Geoinformation fÃ¼r alle â€“ Luftballons im Dienste der Wissenschaft. Unter dem Motto "OpenBalloonMap" vermittelt das i3mainz Grundlagen der Geoinformatik und prÃ¤sentiert...
Bisenzio. Multi-disziplinÃ¤re Erforschung eines bedeutenden etruskischen Zentrums von der jÃ¼ngeren Bronzezeit bis in die Archaische Periode
In dem archÃ¤ologischen Forschungsprojekt am Monte Bisenzio (Italien) verantwortet das i3mainz die messtechnischen Grundlagen und die nachhaltige Verwaltung der Forschungsdaten. In...
Shared thesauri of concepts are increasingly used in the process of data modelling and annotating resources in the Semantic Web. This growing family of linked data resources follows a top-down principle. In contrast, the Labeling System follows a bottom-up approach, enabling scientists working in the digital humanities to manage, create and publish their own controlled vocabularies in SKOS (Simple Knowledge Organization System). The created concepts can then be interlinked with well-known LOD (Linked Open Data) resources, a process named the â€˜Labeling Approachâ€™. The Labeling System is domain independent, while uniting perspectives of different scientific disciplines on the same label and therefore contributing to interdisciplinary collaboration for building up cross and inter-domain linked data communities. This paper addresses principles of the Labeling System in the light of archaeological use cases.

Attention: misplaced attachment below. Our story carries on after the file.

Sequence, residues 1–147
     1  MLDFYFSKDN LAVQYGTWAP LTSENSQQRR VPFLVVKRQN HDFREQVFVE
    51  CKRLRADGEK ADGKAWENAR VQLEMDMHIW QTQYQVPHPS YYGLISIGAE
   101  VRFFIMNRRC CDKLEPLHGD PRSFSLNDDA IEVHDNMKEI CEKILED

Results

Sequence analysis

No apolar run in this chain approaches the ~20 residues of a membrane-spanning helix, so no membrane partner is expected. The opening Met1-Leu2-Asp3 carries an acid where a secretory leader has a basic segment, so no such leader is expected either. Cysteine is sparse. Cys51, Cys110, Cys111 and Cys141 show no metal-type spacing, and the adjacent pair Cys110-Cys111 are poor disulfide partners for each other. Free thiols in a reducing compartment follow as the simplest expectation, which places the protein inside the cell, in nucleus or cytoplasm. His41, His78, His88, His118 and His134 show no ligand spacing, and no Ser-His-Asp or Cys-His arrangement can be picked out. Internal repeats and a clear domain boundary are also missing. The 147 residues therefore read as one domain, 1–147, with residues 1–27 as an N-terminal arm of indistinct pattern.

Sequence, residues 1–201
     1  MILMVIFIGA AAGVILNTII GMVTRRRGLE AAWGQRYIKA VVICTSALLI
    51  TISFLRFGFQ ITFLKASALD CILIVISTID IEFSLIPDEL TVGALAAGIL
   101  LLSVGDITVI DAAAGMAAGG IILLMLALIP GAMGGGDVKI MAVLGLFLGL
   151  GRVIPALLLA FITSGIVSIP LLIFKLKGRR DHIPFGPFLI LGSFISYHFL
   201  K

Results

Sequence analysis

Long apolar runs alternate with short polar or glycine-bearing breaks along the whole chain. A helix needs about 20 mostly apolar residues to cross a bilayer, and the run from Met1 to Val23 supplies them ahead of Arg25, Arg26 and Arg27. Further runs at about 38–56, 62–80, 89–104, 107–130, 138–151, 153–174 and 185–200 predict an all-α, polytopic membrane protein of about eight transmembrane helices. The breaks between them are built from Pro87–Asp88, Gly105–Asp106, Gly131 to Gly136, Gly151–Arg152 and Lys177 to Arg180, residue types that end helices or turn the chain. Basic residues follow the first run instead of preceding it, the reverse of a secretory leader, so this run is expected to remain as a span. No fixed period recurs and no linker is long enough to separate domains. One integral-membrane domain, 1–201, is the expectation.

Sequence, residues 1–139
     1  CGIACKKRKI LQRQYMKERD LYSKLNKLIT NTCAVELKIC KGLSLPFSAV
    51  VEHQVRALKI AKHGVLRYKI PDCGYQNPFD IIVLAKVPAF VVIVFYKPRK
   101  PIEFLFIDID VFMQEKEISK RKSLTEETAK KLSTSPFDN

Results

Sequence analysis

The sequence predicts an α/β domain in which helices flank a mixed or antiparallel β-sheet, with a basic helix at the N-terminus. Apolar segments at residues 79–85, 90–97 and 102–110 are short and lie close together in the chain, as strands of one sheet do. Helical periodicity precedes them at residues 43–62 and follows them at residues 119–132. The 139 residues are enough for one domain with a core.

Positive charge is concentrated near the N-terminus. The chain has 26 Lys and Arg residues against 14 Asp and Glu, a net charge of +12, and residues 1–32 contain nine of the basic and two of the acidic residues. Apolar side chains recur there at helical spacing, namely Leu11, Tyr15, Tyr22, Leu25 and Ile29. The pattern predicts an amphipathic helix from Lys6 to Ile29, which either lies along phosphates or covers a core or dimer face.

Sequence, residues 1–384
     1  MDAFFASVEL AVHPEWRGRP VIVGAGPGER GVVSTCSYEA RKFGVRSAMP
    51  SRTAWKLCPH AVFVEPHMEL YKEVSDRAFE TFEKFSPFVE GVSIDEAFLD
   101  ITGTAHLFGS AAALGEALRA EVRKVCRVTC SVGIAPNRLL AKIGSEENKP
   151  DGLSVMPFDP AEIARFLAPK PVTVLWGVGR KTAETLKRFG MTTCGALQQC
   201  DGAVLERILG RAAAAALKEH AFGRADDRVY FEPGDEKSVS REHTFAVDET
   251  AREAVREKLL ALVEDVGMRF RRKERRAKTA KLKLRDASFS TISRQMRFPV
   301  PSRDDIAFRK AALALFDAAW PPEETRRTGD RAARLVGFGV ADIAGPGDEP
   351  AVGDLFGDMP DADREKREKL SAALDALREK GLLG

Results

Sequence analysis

This paper presents DASIS (Distributed Archaeological Sites Information System) that serves as a virtual research environment for settlement structure analyses. In the past decade heterogeneous datasets of the West-Central European Neolithic have been generated in the context of several research projects. A key challenge is the integration of these complex project-specific data models with one-dimensional data tables of a Web GIS.
It will suggest potential ways to join archaeological data and to combine relational data structures providing spatial access on the data to enable further analysis. This scenario entails multiple problems that are prototypical and still lack a general solution. It proposes a modular data concept that is transferable to similar projects. At the same time it reviews and evaluates qualified frameworks that allow for implementing an individually tailored data model into an archaeological information system with GIS capabilities.ment of different methods for sustaining contributor participation through time and a discussion of their implications for the sustainability of the MicroPasts project and (potentially) other archaeological crowd-sourcing endeavours.